• Gidding S.S.
      • Liu K.
      Association of apolipoprotein E phenotype with plasma lipoproteins in African-American and White young adults: The CARDIA study.
      ). In addition, in patients with HIV, apolipoprotein E4/4 is associated with an accelerated disease progression and death compared with apolipoprotein E3/3 (
      • Burt T.D.
      • Agan B.K.
      • Marconi V.C.
      • He W.
      • Kulkarni H.
      • Mold J.E.
      • Cavrois M.
      • Huang Y.
      • Mahley R.W.
      • Dolan M.J.
      • McCune J.M.
      • Ahuja S.K.
      Apolipoprotein (apo) E4 enhances HIV-1 cell entry in vitro, and the APOE 4/ 4 genotype accelerates HIV disease progression.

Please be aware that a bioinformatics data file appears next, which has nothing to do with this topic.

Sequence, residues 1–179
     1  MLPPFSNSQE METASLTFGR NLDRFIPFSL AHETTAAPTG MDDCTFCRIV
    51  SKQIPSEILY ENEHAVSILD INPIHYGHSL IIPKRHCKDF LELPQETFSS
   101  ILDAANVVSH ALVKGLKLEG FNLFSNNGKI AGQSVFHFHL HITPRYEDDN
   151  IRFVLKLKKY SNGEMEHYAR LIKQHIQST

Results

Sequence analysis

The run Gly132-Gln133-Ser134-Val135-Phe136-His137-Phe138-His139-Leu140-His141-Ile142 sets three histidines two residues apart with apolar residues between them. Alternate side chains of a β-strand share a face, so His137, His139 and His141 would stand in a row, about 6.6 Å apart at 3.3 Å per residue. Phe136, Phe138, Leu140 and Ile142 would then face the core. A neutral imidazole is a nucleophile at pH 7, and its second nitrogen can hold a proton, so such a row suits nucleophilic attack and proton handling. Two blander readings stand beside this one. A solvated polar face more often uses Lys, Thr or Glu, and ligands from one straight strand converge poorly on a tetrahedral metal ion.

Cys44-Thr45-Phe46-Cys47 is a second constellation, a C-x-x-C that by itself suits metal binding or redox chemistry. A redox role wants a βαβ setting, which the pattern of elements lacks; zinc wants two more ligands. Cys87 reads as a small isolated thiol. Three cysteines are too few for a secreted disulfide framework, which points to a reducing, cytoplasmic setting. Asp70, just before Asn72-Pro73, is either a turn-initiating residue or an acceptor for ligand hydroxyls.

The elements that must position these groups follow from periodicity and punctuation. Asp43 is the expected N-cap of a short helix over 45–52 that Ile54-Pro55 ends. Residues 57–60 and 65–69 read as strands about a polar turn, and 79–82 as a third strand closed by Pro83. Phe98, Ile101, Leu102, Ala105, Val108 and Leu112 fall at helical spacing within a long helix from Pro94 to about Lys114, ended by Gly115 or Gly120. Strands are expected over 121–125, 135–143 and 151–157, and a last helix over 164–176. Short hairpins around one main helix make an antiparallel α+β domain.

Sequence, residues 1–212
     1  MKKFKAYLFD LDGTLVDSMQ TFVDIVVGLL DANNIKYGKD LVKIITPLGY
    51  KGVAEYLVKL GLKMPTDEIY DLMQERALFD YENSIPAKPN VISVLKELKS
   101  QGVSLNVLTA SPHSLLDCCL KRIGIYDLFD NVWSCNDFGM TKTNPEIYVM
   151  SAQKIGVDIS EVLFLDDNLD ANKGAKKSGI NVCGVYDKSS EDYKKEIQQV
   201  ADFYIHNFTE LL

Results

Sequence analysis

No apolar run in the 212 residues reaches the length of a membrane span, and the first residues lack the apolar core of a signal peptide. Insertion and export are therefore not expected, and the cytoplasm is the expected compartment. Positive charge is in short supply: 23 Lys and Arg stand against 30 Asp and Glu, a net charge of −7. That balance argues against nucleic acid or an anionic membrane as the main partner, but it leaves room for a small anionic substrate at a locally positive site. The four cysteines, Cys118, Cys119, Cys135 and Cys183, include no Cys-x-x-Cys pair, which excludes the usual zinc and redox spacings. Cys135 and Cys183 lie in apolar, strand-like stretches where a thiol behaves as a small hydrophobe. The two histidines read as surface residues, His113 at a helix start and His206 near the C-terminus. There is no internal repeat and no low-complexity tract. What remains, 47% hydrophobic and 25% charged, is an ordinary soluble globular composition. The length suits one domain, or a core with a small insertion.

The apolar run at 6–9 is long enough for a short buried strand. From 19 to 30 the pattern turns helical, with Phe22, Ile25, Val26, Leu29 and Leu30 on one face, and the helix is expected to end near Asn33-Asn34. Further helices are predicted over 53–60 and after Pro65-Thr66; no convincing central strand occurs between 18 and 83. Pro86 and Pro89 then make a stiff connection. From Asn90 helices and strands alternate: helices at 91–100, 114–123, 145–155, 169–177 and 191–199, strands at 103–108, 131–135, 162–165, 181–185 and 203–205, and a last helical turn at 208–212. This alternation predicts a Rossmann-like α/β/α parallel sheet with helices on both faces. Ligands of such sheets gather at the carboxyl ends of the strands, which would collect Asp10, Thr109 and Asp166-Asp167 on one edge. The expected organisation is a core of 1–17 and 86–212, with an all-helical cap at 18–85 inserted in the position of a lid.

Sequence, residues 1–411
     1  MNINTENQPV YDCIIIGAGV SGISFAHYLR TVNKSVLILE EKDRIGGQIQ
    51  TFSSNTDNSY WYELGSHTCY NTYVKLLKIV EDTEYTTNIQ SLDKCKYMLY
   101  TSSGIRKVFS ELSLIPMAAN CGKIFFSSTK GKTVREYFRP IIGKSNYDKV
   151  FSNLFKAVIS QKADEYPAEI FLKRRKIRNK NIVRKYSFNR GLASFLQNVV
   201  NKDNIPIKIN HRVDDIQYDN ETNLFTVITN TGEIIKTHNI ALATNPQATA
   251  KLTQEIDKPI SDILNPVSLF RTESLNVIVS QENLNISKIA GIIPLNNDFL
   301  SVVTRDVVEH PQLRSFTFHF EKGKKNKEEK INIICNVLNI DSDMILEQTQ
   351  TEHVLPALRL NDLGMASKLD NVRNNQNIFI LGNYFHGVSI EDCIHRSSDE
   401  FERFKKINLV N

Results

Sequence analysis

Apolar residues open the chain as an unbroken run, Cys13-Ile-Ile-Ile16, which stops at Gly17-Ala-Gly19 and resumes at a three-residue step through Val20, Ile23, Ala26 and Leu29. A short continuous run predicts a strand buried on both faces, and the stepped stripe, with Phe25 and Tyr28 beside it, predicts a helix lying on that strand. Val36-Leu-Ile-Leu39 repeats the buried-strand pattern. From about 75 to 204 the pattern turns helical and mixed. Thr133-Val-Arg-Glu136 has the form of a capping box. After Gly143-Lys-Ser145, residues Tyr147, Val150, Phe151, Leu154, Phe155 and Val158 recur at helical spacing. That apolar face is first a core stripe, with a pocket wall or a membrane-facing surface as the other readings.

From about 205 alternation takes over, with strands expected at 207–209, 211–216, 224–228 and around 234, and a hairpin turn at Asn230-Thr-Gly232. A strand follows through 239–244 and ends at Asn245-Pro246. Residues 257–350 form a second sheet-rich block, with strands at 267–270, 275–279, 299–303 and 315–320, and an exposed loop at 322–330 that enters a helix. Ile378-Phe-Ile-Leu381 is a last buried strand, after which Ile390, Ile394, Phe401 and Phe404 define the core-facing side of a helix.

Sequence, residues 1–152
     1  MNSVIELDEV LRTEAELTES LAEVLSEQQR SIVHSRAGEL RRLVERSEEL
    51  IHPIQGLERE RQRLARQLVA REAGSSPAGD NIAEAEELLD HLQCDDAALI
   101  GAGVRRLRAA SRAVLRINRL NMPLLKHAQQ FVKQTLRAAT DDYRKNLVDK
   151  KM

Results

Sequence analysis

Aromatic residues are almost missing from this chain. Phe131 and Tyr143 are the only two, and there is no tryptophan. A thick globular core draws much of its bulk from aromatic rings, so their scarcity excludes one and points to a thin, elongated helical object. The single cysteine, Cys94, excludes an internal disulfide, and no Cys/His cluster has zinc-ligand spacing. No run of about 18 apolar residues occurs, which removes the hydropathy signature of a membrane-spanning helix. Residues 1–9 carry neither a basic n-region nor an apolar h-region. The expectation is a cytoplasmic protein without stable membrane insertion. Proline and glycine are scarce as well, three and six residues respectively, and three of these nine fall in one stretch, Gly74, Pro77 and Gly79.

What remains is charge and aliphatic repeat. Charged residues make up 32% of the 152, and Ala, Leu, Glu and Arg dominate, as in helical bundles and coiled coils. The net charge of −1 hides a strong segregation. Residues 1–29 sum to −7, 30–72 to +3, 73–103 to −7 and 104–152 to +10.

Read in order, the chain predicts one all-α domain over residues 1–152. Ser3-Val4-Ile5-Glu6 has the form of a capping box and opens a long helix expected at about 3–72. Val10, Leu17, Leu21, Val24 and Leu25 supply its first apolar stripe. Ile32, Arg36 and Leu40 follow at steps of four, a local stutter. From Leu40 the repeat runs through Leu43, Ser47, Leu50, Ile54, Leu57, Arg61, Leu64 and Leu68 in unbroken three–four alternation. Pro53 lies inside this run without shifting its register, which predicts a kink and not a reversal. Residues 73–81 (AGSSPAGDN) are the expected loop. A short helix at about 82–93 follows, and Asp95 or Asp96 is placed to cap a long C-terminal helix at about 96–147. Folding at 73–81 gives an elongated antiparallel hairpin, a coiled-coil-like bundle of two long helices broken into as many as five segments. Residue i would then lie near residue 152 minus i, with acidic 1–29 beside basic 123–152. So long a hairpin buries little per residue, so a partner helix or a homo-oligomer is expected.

).
      Several other studies using the UK BioBank have also demonstrated that low HDL-C were associated with an increased risk of COVID-19 infections (
      • Ho F.K.
      • Celis-Morales C.A.
      • Gray S.R.
      • Katikireddi S.V.
      • Niedzwiedz C.L.
      • Hastie C.
      • Ferguson L.D.
      • Berry C.
      • Mackay D.F.
      • Gill J.M.
      • Pell J.P.
      • Sattar N.
      • Welsh P.
      Modifiable and non-modifiable risk factors for COVID-19, and comparison to risk factors for influenza and pneumonia: Results from a UK Biobank prospective cohort study.
      ,
      • Aung N.
      • Khanji M.Y.
      • Munroe P.B.
      • Petersen S.E.
      Causal inference for genetic obesity, cardiometabolic profile and COVID-19 susceptibility: A Mendelian Randomization Study.
      ,
      • Scalsky R.J.
      • Chen Y.J.
      • Desai K.
      • O'Connell J.R.
      • Perry J.A.
      • Hong C.C.
      Baseline cardiometabolic profiles and SARS-CoV-2 infection in the UK Biobank.
      ,
      • Zhang Y.
      • Yang H.
      • Li S.
      • Li W.-D.
      • Wang J.
      • Wang Y.